Despite weighing 2.6 tonnes, Dyson’s aluminum car could go from zero to 62 mph in 4.8 seconds (about half a second faster than the long-range X model), with top speed reaching apparently 125 mph (30 mph less than the model) X). All of this comes from twin 200 kW electric motors with 536 hp and 480 lb-ft of torque. And yes, Dyson himself had driven the prototype, although “secretly in an armored complex”.
In real life, the prototype car had a strong resemblance to a modern Range Rover – more than the patent diagrams suggested. The sporty-looking SUV would have reached “five meters long, two meters wide and 1.7 meters high”, with a windshield that “recedes more strongly than on a Ferrari”, as well as “more larger than any production car on the market, “says Dyson.
The temperature I also got to see the interior of the electric SUV, which reminds me of some of the futuristic concepts of auto shows. In particular, the surprisingly thin seats had segmented cushions and lollipop-shaped headrests designed in a way that Dyson believed would provide better lumbar support overall. And for the driver, the dashboard has been kept clean using a head-up display, so it “floats in front of your face like a hologram.”
It goes without saying that many of these features were quite ambitious for an electric car, not to mention the project itself for a company that is more familiar with household electrical appliances and, more recently, hair products. As the business owner, Dyson said The temperature that this project ended up costing £ 500 million of its own money before it ended. Unlike other brands of traditional cars, Dyson does not have a fleet of profitable petrol and diesel cars to compensate for the “huge losses” on each electric vehicle manufactured – each Dyson electric car should have earned £ 150,000 for reach break even, according to the entrepreneur. Although Tesla posted a profitable first quarter this year, it has posted annual losses since its release.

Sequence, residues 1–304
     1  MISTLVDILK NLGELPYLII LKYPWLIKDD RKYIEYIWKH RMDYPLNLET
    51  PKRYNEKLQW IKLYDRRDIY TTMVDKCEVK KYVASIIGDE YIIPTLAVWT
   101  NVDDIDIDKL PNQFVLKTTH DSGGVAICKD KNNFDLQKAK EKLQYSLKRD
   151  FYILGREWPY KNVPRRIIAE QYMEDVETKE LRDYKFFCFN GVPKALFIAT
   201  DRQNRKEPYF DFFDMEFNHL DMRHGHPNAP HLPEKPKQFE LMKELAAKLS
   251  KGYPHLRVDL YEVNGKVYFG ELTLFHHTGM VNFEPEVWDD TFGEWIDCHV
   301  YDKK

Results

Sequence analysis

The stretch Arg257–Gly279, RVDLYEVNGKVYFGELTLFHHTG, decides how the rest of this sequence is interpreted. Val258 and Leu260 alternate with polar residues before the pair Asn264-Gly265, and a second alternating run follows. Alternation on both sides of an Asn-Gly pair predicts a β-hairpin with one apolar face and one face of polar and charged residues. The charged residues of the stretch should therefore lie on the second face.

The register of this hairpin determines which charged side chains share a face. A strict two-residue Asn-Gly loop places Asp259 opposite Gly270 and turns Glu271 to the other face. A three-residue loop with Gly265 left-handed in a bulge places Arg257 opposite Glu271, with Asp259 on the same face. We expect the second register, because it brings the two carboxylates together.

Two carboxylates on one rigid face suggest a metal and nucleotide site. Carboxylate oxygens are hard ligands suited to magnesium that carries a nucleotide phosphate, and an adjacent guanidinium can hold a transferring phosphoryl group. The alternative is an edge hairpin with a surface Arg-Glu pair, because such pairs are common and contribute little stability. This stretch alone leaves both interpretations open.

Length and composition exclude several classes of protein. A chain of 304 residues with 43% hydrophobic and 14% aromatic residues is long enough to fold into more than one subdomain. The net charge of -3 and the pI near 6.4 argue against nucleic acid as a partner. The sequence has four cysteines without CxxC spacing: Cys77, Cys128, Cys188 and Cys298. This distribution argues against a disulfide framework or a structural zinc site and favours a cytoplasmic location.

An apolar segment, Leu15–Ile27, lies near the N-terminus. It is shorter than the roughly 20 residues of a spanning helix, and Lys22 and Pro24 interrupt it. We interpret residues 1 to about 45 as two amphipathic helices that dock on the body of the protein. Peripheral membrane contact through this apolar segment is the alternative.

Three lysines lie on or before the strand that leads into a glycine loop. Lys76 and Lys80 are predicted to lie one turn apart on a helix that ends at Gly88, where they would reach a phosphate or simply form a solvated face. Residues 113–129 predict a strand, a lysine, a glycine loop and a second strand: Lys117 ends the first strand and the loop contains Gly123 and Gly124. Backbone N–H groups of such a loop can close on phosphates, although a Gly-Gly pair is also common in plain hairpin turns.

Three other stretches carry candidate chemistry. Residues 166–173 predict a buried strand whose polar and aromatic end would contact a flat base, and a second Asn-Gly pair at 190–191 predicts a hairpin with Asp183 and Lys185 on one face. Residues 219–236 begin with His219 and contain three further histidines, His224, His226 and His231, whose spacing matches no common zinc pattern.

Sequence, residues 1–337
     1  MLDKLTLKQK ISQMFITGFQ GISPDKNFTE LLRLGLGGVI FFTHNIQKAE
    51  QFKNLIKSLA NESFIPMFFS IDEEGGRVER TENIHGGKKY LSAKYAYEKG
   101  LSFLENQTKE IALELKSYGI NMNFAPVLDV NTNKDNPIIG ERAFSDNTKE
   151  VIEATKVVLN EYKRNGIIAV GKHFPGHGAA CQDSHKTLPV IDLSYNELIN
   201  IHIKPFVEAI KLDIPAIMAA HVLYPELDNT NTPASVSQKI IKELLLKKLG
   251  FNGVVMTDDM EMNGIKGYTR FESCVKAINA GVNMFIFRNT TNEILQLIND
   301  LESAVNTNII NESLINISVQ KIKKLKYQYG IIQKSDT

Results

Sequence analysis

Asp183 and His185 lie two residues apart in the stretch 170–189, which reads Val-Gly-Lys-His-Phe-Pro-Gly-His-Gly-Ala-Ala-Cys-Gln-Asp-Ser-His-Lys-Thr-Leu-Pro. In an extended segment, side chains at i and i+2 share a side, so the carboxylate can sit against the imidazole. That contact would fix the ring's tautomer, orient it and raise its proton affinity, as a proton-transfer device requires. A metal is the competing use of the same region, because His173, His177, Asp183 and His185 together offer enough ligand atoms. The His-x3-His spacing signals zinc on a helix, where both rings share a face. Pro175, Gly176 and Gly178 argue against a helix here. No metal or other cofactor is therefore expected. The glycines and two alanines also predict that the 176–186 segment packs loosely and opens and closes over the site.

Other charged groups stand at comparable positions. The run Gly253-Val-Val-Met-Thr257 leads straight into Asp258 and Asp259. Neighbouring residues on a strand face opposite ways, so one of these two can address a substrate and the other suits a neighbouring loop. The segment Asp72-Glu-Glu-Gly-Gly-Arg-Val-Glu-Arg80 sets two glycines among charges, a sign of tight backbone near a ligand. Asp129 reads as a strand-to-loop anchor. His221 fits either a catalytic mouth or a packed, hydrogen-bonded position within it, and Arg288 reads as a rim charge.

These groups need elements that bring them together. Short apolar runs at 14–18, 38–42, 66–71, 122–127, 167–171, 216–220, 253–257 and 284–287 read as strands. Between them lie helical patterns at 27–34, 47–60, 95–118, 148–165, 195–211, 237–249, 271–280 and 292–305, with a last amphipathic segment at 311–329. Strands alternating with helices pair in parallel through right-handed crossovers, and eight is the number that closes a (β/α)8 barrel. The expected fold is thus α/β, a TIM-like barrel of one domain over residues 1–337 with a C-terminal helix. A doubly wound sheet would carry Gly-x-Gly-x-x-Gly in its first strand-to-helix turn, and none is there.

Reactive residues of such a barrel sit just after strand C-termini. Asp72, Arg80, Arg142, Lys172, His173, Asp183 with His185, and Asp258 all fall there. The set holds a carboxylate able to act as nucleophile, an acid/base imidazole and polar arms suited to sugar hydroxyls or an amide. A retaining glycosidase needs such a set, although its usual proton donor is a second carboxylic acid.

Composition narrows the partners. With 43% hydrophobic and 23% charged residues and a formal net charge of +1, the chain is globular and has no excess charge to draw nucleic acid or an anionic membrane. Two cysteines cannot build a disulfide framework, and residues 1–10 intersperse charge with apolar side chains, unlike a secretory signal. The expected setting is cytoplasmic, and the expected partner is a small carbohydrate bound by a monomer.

Even if the Dyson car is gone, his spirit lives on. Dyson said the 500-person team is already working on various other projects and is open to letting automakers tap into his company’s semiconductor batteries, which are said to be more efficient and compact than current lithium-ion cells. As to whether the company would ever try to make cars again, Dyson said if it became commercially viable at that time. You can find out more about the doomed Dyson electric car in The temperature’ exclusive interview (subscription required).